The mesmerizing jumble of contradictions that is Mike Tyson soldiers on! The NY Times magazine published a treasure trove of soundbites on identity formation/deconstruction last week in their profile, The Suburbanization of Mike Tyson. Mike appears to be turning his back on the glory-culture that’s defined him lo these many years, and doing so with religious vigor. What on the surface might seem like an outside-in approach to self-improvement has to be filtered through the bottoming-out narrative that has long characterized Tyson, reaching its tragic apex with the death of his daughter in 2004. And then there’s his touching relationship with pigeons, which provide quite a foil to the way he has described his nature in the past, i.e. that of a “vicious tiger.” Autodidact or no, there’s definitely some serious insight here. Fascinating, ht JG:

The astonishing discipline and drive Tyson once put into “the stern business of pugilism,” to quote the boxer Jack Johnson, is now being channeled into the business of leading an ordinary, even humdrum existence. It is impossible not to wonder whether this effort can be sustained indefinitely, whether you can reshape the contours of a personality by a sheer act of will, but there is no doubt that Tyson has committed himself to a wholesale renovation.

As part of his cleaning-up campaign, he has been adhering to a strict vegan diet for nearly two years, explaining that he doesn’t want anything in him “that’s going to enrage me — no processed food, no meat.” He says that he can no longer abide the smell of meat even on someone’s breath and has dropped 150 pounds since he weighed in at 330 in 2009. “I’ve learned to live a boring life and love it,” he declares, sounding more determined than certain. “I let too much in, and look what happened. . . . I used to have a bunch of girls and some drugs on the table. A bunch of people running around doing whatever.”

The life that he has created almost from scratch over the last two years has been defined at least as much by what Tyson wants to avoid — old haunts, old habits, old temptations and old hangers-on — as by what he wants to embrace. One of the few links between his tumultuous past and his more tranquil present are his homing pigeons…

“The birds were there before boxing,” says Mario Costa, who owns the Ringside Gym in Jersey City and has known Tyson since the early ’80s. “He feels peaceful around them.” Tyson keeps coops in Las Vegas, Jersey City and Bushwick, and to this day he seeks out the birds when one of his “bad spells,” as Kiki calls them, strikes and his mood turns dark and agitated. “The first thing I ever loved in my life was a pigeon,” Tyson says. “It’s a constant with my sanity in a weird way.” 
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I have never been particularly drawn to boxing, but there was something about the younger Mike Tyson — his way of seeming larger than the sport itself, of playing out impulses that seemed all the more authentic for being so unmediated, whether it was his desperate bid for Robin Givens’s heart or his desperate biting of Evander Holyfield’s ear — that caught my attention. He seemed like a man in huge conflict with himself as well as with the forces around him — the media, the celebrity machine with its perks and dangers — in a way that suggested that he was both vulnerable to manipulation and leery of being manipulated.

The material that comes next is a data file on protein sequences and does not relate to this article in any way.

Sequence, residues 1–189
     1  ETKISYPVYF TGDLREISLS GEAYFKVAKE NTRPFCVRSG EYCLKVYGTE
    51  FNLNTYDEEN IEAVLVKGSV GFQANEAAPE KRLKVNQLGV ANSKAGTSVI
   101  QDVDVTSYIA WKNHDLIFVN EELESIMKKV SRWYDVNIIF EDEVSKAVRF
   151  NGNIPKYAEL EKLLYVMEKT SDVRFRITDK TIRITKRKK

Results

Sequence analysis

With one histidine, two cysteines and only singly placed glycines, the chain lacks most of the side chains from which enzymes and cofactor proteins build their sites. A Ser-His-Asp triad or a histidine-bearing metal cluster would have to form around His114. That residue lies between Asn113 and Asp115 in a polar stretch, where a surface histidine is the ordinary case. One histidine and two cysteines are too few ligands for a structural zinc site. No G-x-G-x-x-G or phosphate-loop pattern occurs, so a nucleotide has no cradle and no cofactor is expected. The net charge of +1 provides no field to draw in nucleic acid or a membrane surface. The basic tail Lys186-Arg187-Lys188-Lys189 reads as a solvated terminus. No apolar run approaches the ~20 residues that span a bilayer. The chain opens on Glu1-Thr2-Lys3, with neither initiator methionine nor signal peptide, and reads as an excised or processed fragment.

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He’s also something of a homegrown philosopher, peppering our conversation with hard-knock truths: “The biggest tough guy wants to be likable,” he observed. But there are also whole areas of his life he keeps firmly cordoned off, especially the raging Kid Dynamite days: “I think I was insane for a great period of my life. I think I was really insane. . . . It was just too quick. I didn’t understand the dynamics then. I just knew how to get on top, I didn’t know what to do once I got there.”
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As for psychological conditioning [during his prime], Tyson’s ego was inflated nonstop: “They were telling me how great I am, telling me how I can do this if I really try,” Tyson explained, sounding decidedly of mixed minds when looking back on this approach. “They kept it in my head. It had me form a different psychological opinion of myself. No one could say anything negative about me. I always had to have the supreme confidence that I’m a god and superior to everybody else, which is just sick and crazy. But it had its uses.”
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He says he believes that celebrity made him “delusional” and that it has taken nothing less than a “paradigm shift” for him to come down to earth: “We have to stick to what we are. I always stay in my slot. I know my place.”
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A cynic might wonder whether the kinder, gentler Tyson is merely another act, a construction every bit as deliberate as he claims his invincible Iron Mike persona was — “a vicious tiger,” as he describes it, “out there to kill somebody.” And there is indeed, something of the actor about Tyson, warming to his new role as a humbled rogue, a gentle giant with his delicate birds. But there is also a kind of heroism in his effort to construct a more accountable self, a reaching across the decades of excess back to the more disciplined days in the Catskills with Cus D’Amato. Now, however, the focus is not on invincibility or greatness, but on the perhaps more elusive goal of keeping his furies at bay and trying to master his unrulier impulses rather than letting them control him. It’s sure to be one hell of a match.